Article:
The news that Dr. Tim Ellis, the Bishop of Grantham, birthplace of Margaret Thatcher, has said that the scale and cost of Mrs. T's funeral was "asking for trouble", brings to mind the fact that her most ardent supporters share her fatal trait: not being able or willing to catch which way the wind is blowing.
In Not For Turning: The Life Of Margaret Thatcher by Robin Harris serialized last week in the Mail we see the late Baroness, full of gumption and fortitude but quite unable and unwilling to read the runes. While her supporters were waving frantically -like an audience watching a horror movie and trying to warn the heroine not to open a certain door-we see the intrepid Margaret "fight on, fight to win" during the Tory leadership battle, even when it was clear that she had no chance.
Her supporters are doing the same - first with a £10million funeral at a time when we are being told that the cupboard is bare, and now with talk of a Thatcher Library to be constructed in London in the manner of the Reagan Library. The library would be a privately funded thing, not out of our pocket, but nevertheless there's something out of kilter about it. Something off.
These are dangerous times for all politicians, especially those in the Big Three because We The People aren't buying it anymore. This must be confusing the Westminster Village because there are loads of politics in the air on all sides. We just don't like politicians at the moment. Except maybe 'anti-politics; politicians like Farage and Galloway and Boris, men-very different from one another, men who project the illusion of being outsiders. But of course they're not. They're as deeply inside as all the rest.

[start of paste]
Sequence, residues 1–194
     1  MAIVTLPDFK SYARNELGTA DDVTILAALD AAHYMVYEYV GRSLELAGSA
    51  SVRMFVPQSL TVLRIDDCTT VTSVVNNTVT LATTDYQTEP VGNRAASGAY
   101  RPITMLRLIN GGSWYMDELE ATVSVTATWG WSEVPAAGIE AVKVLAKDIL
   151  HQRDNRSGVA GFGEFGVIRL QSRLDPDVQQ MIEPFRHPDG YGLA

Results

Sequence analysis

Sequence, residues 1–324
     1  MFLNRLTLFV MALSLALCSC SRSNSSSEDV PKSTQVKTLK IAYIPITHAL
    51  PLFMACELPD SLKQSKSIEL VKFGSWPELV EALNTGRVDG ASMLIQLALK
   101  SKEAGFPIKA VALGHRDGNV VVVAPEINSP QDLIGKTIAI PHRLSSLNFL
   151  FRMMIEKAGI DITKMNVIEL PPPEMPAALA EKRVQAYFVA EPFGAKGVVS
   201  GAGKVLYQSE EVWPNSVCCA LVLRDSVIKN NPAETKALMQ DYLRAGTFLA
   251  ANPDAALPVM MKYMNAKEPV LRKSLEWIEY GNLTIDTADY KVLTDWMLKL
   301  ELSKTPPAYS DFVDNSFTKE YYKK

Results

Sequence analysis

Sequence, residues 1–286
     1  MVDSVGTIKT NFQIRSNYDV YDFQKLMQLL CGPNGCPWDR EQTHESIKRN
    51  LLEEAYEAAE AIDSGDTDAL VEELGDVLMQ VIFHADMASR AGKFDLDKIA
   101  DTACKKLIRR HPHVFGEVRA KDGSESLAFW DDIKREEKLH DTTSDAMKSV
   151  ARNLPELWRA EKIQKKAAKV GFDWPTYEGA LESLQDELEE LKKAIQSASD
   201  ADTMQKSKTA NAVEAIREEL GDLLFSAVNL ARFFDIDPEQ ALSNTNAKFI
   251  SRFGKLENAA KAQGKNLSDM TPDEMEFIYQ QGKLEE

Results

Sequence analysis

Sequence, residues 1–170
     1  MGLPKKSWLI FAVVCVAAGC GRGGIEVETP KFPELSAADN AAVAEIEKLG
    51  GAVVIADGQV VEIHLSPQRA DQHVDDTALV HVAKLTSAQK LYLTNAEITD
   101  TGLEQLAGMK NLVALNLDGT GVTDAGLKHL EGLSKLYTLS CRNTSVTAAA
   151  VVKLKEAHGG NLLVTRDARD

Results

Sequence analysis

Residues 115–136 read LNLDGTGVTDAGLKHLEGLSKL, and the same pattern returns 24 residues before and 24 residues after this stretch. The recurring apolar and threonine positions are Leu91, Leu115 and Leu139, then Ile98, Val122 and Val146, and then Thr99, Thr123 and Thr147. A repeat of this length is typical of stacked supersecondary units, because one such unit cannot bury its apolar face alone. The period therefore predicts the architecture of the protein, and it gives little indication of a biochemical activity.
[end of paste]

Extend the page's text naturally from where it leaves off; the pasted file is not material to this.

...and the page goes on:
This is all too bad because deep down inside I don't believe that Cameron, Clegg or Miliband went into politics to advance themselves. The job's too tough, the pay's too low, the toll's too great, not just on themselves, but on their families, too. They've studied and worked hard all of their lives to get where they are now. But the times have passed them by. We have passed them by. They just don't have the answers. Since neither UKIP nor Respect nor any party other than The Big Three have the muscle to form the next government, it all seems a bit feral out there in the world right now.
There is a famous 'Thatcher Library' already, the one in the second-greatest film of all time (copyright Sight and Sound), Citizen Kane. It is a cavernous, soulless mausoleum, the repository of a human being who had to relinquish power before he was ready, the archive of a person who wasn't wanted anymore. "You'll need more than one lesson", a corrupt tycoon tells Kane, and it seems that Thatcherites need more than one lesson, too. They don't seem to get that a great number of people don't want them anymore. They just can't - or won't - hear that.
Meanwhile, we have governing in the Iron Lady's wake a Conservative Party split in two once again, AND in coalition; an Official Opposition who will probably tell us at some point what their policies are; and the Lib Dems, the big winners here because no matter what, they'll be in government again next time. All of this is reported and explained to us by political journalists some of whose day job increasingly seems to be vying to be on telly and Twitter where they can joust with one another.
And surrounding it all is an atmosphere of enraged hopelessness and helplessness. It will not be laid to rest when The Lady is.